Open Accessibility Menu

Breastfeeding Myths and Facts: Separating Fact from Fiction

  • Posted On:
  • Written By: Northern Inyo Healthcare District
Breastfeeding Myths and Facts: Separating Fact from Fiction

Breastfeeding is a natural and beautiful way to provide essential nutrients to your baby. However, with so much information available, it can be confusing to separate myth from fact. Today, we're going to debunk some of the most common breastfeeding myths and provide you with the facts so that you can make informed decisions about your child's nutrition.

Common Myths About Breastfeeding

Myth: Breastfeeding Is Painful

Your nipples may feel tender initially, but breastfeeding should not cause severe pain throughout the nursing session. If you are experiencing pain during breastfeeding, it could be a sign of an incorrect latch. Try adjusting your position or seeking help from a lactation consultant.

Myth: Breastfeeding Is Easy & Should Come Naturally

Breastfeeding is not as simple as putting a baby to the breast and letting them feed. It can be challenging, especially for first-time mothers. Many new mothers struggle with latching issues, sore nipples, and finding a comfortable feeding position. It's important to have patience and to seek out help if you're struggling with breastfeeding. Reach out to a lactation consultant or seek support from a breastfeeding group.

Myth: Babies Should Wean Themselves After a Few Months

While some babies may choose to self-wean around the age of six months, it is not the norm. Most babies breastfeed longer. At the same time, it is not uncommon for a baby to go on a temporary pause, typically resulting from an underlying condition like an ear infection. Staying patient and continuing to encourage your baby to nurse will generally result in them returning to feeding as normal.

Myth: For Maximum Milk Production, Wait Longer Between Feedings

It is a common misconception that allowing more time between feedings will help you to produce more milk. In reality, your body increases milk supply when the breasts are frequently emptied. When your baby suckles, it signals your body to produce more milk. Skipping feedings or waiting too long between feedings can lead to a decrease in milk supply. Therefore, feeding your baby on demand is wisest, meaning feeding them anytime they show signs of hunger.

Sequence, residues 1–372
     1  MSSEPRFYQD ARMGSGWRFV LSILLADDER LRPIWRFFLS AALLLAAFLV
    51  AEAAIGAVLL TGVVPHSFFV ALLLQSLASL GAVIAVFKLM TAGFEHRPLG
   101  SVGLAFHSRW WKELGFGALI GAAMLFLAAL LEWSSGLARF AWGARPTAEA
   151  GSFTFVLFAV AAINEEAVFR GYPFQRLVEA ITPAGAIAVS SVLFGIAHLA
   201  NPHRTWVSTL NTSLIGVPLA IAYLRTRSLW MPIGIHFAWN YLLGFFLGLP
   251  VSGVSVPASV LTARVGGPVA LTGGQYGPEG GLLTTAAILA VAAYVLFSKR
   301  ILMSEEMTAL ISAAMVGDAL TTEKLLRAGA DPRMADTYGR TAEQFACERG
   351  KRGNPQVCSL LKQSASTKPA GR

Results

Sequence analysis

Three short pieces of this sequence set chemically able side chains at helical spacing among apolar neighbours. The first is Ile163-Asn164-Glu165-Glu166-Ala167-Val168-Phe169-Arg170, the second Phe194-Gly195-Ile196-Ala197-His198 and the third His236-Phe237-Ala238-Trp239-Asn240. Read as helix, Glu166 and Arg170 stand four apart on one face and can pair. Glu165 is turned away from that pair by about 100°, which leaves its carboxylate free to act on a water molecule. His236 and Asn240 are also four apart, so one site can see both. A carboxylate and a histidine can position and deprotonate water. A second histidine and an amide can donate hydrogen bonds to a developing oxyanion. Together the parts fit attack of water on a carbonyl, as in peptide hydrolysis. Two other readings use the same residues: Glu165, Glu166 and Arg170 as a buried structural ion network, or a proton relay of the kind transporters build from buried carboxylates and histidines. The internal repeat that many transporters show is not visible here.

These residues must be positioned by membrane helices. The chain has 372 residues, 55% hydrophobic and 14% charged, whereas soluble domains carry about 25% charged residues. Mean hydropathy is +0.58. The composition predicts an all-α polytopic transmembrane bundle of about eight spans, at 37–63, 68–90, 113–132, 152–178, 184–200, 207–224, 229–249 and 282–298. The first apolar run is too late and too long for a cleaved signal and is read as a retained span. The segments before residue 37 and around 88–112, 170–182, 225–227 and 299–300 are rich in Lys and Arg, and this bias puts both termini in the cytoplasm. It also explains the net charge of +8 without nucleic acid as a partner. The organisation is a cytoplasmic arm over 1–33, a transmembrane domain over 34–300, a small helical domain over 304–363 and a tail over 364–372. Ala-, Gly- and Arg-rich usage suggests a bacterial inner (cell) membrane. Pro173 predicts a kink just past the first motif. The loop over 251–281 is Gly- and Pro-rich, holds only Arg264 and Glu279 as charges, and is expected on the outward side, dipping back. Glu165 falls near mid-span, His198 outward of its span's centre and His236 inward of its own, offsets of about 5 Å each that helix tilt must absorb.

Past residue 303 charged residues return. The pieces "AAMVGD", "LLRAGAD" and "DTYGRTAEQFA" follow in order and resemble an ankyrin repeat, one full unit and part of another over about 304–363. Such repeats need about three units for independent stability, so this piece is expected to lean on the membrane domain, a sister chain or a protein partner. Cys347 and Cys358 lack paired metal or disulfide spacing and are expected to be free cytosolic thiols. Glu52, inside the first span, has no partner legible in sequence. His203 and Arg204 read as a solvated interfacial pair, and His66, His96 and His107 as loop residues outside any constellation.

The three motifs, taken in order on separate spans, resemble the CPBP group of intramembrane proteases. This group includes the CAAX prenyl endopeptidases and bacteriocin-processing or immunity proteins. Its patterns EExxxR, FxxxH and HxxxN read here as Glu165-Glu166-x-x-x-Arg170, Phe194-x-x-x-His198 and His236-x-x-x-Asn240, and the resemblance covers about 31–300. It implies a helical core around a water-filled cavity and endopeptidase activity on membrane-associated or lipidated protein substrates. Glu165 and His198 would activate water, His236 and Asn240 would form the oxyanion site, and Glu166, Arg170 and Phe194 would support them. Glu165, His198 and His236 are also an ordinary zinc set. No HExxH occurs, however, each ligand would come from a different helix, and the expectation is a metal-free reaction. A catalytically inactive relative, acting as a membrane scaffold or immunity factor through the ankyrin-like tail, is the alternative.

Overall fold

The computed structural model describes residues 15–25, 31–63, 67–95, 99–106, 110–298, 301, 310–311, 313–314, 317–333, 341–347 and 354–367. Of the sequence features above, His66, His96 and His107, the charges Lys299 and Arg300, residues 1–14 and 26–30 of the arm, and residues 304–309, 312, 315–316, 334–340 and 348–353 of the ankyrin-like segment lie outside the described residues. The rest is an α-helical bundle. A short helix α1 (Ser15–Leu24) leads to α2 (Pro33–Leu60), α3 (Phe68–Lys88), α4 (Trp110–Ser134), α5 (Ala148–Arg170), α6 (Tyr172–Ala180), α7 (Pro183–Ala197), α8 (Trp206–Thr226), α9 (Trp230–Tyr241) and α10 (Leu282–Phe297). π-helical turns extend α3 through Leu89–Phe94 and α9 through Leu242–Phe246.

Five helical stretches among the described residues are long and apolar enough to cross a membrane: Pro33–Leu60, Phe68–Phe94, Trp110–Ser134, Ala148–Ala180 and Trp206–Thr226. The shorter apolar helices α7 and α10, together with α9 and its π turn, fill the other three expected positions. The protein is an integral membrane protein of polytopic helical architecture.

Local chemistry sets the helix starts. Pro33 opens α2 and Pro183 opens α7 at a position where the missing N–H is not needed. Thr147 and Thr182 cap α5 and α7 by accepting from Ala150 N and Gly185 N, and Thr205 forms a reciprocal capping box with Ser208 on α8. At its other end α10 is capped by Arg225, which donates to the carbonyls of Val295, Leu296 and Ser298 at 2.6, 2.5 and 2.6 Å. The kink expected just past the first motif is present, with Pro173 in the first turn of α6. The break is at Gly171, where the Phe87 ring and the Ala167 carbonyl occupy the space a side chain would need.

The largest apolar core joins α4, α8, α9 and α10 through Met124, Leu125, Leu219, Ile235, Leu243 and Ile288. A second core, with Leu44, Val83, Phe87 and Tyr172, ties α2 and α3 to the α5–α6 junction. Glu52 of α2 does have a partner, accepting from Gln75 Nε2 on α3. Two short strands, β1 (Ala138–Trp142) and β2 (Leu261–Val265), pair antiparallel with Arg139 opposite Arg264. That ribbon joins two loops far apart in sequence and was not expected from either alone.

Myth: Breastfeeding Should Only Be Performed In Private

There is no shame in feeding a hungry baby in public. US law permits breastfeeding anywhere, anytime. If you feel more comfortable, use a lightweight blanket to make it more discreet. If you are feeling self-conscious, remind yourself that your baby needs to eat, and breastfeeding is the natural and healthiest way to do so. It is always better to feed your child promptly rather than waiting or rushing home to feed them.

Myth: Breastfeeding Requires a Restricted Diet

In most cases, breastfeeding does not require avoiding any specific foods. Most babies will not have any negative reactions to the food their mother eats. However, if you notice that your baby is fussy or develops a rash after you consume a particular food, you may need to avoid it. Otherwise, continue consuming a balanced diet with a variety of foods.

Myth: Never Breastfeed While On Medication

Some new mothers avoid taking medication while breastfeeding, fearing it may harm the baby. While it's true that some medications can pass through breast milk, most do not have harmful effects on the baby. In fact, many medications are safe to take while breastfeeding. However, it's important to talk to your doctor about any medications you're taking to ensure they’re safe for you and your baby. Certain medications, like seizure or cancer drugs, may be unsafe to take while breastfeeding. It also can’t hurt to ask a professional about the potential side effects of any prescriptions, unconventional vitamins, or herbal supplements.

Myth Breastfeeding Causes Sagging Breasts

Many first-time mothers’ biggest fear breastfeeding may cause their breasts to sag. However, this is a myth. Breastfeeding does not cause sagging. In fact, breastfeeding can help your breasts return to their pre-pregnancy size and shape faster. Pregnancy and aging are the leading causes of sagging, not breastfeeding.

Need Medical Assistance or Advice? Northern Inyo Healthcare District Can Help

Breastfeeding may bring up many myths and questions, but with a little research, women can feel comfortable and confident in their actions. Don’t hesitate to reach out to Northern Inyo Healthcare District if you are experiencing pain or have concerns about breastfeeding. We can offer personalized support and guidance for you and your baby's unique situation.

We are happy to answer all your inquiries about nursing and breastfeeding. Call (760) 873-5811 today!